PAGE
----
- Is the software/firmware certified?
- Is the certification based on version?
- Is the certification based on family of hardware support?
- A user compiles his/her own firmware (aka Tomato) for his/her router. Are those certificates? If so how? Codebase? Version? And back Roles & Responsibility
- Some devices have embedded micro codes. Does the scheme cover micro codes? SOC? Chip level instructions?
- How does the star scoring work? Equal weightage for all components, or in parts? Weighted? Percentage? Traffic lights style?
Let’s look at more complex aspects of this venture. While some of this may sound hypothetical, history has shown that anything and everything will eventually take place.
Anything that has a piece of code, may also have a piece of error or bug. It can be at a compiler level, code level, or even binary level. The security of the device ultimately defined on how well the code executes and is resistant against attacks. Devices with code often has 3 types of code (i) Specific code (usually due to hardware) (ii) Common Code (Free or Open Source) and (iii) Proprietary Code. The term bug is loosely used in this article to refer to vulnerability or software defect.
- Hardware bugs have been quite common, with the recent Intel CPU based hardware vulnerability. Does the scheme take into account hardware based vulnerability checks? This will have impact on even laptops as most Intel CPUs still have some vulnerability to these types of attacks.
- Hardware bugs are often resolved with updated drivers (though drivers themselves pose security risks). Are these components part of the scheme? Drivers and even hardware/firmware are often guarded with strong agreements.
- I am a gateway developer, who purchases a hardware solution and develop an application on top of the platform. I do not have access to hardware layer information but have the application code for it. Can I get star rating for the scheme?
- Open Source Code is a common sight in any commercial product. Is the testing of these code done as part of the product or evaluated separately?
- What’s the impact when a common Open Source component (for e.g. OpenSSL) has a vulnerability? Does this warrant a review of the component as its own ? If so, will the scheme cover all Open Source components?
Any product, given the time and effort to produce it will formulate the pricing strategy of that device.
- Will higher rated device be priced higher?
- Will the pricing also cause product isolation (cheaper devices will not run secure firmware?)
Consumer View – Simple vs Complex
At the end of the day, its the consumer who will take the simplified look. “I will only go for 4 star rating because i want to be secure” Herein lies the problem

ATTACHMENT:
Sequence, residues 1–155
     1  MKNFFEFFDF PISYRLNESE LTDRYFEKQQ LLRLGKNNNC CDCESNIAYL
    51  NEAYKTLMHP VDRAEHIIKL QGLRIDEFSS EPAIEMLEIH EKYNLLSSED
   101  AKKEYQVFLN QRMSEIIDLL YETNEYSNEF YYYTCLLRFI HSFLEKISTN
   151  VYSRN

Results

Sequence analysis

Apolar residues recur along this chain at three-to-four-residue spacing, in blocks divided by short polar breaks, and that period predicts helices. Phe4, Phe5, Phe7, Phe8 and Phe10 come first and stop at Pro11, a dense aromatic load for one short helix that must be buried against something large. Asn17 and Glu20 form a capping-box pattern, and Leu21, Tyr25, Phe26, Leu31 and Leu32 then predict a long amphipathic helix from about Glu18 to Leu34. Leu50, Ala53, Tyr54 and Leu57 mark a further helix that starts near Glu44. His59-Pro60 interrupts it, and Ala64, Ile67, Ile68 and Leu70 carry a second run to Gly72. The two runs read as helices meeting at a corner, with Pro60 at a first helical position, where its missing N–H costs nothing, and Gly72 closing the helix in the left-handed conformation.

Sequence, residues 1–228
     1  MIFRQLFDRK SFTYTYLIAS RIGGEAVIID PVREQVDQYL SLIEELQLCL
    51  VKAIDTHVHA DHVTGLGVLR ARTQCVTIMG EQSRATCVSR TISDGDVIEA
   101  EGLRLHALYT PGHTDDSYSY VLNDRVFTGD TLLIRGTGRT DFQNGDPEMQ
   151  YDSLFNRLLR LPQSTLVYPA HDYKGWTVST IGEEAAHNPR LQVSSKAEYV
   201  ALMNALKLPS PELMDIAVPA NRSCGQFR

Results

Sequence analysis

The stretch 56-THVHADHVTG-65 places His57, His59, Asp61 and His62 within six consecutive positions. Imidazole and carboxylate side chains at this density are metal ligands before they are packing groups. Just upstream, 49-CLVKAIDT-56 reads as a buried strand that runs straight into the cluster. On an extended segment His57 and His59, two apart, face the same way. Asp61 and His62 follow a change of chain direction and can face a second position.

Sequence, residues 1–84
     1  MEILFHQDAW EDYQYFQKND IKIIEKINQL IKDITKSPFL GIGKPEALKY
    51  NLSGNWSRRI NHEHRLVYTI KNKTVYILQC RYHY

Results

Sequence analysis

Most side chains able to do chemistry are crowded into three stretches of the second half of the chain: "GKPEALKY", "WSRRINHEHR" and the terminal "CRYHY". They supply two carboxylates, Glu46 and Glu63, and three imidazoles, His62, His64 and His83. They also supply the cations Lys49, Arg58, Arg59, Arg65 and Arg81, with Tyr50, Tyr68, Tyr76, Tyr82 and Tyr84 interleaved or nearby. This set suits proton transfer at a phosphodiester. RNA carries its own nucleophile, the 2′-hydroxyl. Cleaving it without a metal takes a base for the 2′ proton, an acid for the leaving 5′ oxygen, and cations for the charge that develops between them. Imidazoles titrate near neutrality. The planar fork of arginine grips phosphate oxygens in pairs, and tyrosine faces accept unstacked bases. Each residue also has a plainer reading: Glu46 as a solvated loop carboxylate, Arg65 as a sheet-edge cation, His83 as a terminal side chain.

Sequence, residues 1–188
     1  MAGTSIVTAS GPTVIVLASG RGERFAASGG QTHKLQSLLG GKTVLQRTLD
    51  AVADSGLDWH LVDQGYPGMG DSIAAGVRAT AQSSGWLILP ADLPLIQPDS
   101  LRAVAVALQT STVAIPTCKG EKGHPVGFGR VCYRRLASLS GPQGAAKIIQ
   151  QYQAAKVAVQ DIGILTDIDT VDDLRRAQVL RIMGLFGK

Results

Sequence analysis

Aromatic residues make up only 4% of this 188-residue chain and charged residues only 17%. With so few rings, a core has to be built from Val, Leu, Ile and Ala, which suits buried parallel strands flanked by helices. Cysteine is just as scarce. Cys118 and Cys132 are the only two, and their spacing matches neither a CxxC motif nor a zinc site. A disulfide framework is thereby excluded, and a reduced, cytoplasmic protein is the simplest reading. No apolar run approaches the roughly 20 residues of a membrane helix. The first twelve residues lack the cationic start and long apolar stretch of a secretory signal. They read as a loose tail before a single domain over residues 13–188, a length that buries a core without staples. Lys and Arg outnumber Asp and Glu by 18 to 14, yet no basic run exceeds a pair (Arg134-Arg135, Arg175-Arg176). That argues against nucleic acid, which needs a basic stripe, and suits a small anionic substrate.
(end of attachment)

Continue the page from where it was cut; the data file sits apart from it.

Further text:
Ah Chong (A local food court hawker) walks to the shop, wants to buy a gateway. He looks at this set of requirements, which his friend advice meets the scheme 4-star requirements.
- CPU – MCX1234 – 4 star
- Hardware – Cap Ayam revision 2.2.5 – 4 star
- Cables – Xiao Kia power code with Xiao Kia Ethernet cable – 4 star
- Firmware – Potato Router version 1.2.99 – 4 star
Ah Chong checks every single component to make sure its 4 star before buying it, by going to the Scheme websites, putting each item one by one.
Is this simple? Or complicated?
2 days later, Potato Router firmware using OpenSSL 0.9.8h has a Remote Code Execution vulnerability and there is active exploitation (for this scenario). The router has a firmware update page, but requires Ah Chong to login, download the latest firmware.
Is this simple? Or Complicated?
Ah Chong buys the router 4 days after the vulnerability was announced. Being non-technical, he has no clue about the matter and is not aware of the latest tech/cyber security development. The packaging shows the information as 4 star validation, which is accurate as of the point of manufacturing.
Is Ah Chong deceived? Is he still confident of his purchase decision?
Future of the Scheme
For all intents and purposes, these schemes are beneficial and brings good to the society. It helps raise the bar for social and economic improvements through cyber security enhancements in total. However, future considerations need to be taken into account
- Today the scheme is voluntary. Once the scheme proves itself, its only natural for the governments to make it mandatory. Will it stay voluntary?
- Once it becomes mandatory, its easy to include requirements such as TLS MITM, traffic snooping, etc as a requirements for these devices (especially for gateways). Will this be an eventuality at the name of cyber security?
There is no doubt that this initiative is necessary. Long has it been that consumer devices suffer from insufficient security controls. However the issue isn’t that simple. I fear that CSA Singapore may have oversimplified the matter. Oversimplification is a problem in Cyber Security and will due be a problem by itself. I understand drawing the parallel between the 1800 water issues and cyber security, but the issue and complexity is far from it. This is indeed an interesting development, and I am curious to know how CSA intends to address the concerns raised above.
P/S: Fellow journalist who happens to use these materials, do give me some credit, thanks!
- The Register – https://www.theregister.com/2020/10/01/singapore_infosec_strategy/
- Mirai Botnet – https://www.csoonline.com/article/3258748/the-mirai-botnet-explained-how-teen-scammers-and-cctv-cameras-almost-brought-down-the-internet.html
- Spectre and Meltdown – https://meltdownattack.com/